26) Hotel Ponce de León
In 1882, Henry Flagler, New York entrepreneur and cofounder of Standard Oil, became interested in the historic city of St. Augustine and its potential as a winter resort. Flagler's subsequent development of transportation and resort facilities in St. Augustine and along the east coast of Florida spurred rapid development in the late 19th and early 20th centuries. A focal point of this development was Flagler's Hotel Ponce de León. In 1887 Flagler hired two young architects from the prominent New York firm, McKim, Mead, and White, to design the hotel. With the design of the Ponce de Leon, John Carrere and Thomas Hastings launched a new architectural firm, Carrere & Hastings, which would gain national prominence. Flagler chose the Spanish Renaissance Revival style so that the hotel's design would compliment its historic surroundings. Retained to decorate the interior of the hotel, Louis C. Tiffany used stained glass, mosaics and terra cotta relief on the walls and ceilings and commissioned several grand murals. The hotel was the first large scale building constructed entirely of poured concrete. The popularity of "the Ponce" and its style strongly influenced the architecture of southern Florida for the next fifty years. The success of the Hotel Ponce de Leon was episodic, immediately contending with a yellow fever epidemic and the worst freeze in state history in 1895. St. Augustine's weather proved not to be as warm and sunny as other resort areas that were developed further south along the peninila, and the town never boomed as a winter resort. However, toursits did come during the first decades of the 20th century, and the Ponce de Leon was one of only three Flagler Hotels to survive the Great Depression. Following a lull in tourism during World War II, the hotel attracted large crowds for several years, but decline resumed and in 1967 the hotel closed and was sold to Flagler College. It has been renovated and retains most of its original integrity.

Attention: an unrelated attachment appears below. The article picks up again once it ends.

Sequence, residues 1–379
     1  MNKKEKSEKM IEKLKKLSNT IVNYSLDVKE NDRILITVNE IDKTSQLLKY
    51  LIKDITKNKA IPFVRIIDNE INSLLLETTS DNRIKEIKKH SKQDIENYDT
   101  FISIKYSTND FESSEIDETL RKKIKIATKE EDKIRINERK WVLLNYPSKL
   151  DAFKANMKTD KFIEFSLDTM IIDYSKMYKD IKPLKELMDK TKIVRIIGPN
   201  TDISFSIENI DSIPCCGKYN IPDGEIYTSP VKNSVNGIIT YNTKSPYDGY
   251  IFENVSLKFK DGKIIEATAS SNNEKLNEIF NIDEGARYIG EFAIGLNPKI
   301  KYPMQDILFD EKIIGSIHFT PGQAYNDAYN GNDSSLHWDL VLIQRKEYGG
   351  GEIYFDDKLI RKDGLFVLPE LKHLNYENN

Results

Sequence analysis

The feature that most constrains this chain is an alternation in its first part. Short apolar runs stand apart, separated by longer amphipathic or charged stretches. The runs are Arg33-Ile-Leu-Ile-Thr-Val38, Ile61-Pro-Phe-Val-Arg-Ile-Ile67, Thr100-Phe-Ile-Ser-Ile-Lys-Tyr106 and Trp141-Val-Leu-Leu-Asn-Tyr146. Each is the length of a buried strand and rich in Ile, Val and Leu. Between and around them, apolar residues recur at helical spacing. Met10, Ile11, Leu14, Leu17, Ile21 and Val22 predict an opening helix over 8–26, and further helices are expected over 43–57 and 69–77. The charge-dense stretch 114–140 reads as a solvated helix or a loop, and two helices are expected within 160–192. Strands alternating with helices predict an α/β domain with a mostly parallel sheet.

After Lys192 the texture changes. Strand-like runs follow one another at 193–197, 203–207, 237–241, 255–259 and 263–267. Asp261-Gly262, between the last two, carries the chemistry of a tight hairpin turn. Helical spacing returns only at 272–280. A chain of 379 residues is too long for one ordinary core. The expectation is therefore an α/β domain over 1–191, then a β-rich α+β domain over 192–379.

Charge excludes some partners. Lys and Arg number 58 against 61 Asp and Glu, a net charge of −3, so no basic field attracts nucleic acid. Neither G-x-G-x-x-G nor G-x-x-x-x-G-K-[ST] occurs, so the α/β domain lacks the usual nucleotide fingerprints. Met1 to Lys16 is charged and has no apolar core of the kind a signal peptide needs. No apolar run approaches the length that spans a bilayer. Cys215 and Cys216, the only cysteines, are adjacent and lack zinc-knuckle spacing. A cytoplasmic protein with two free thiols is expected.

The Hotel Ponce de León (Flagler College) is in downtown St. Augustine on the block bounded by King, Valencia, Sevilla, and Cordova Streets.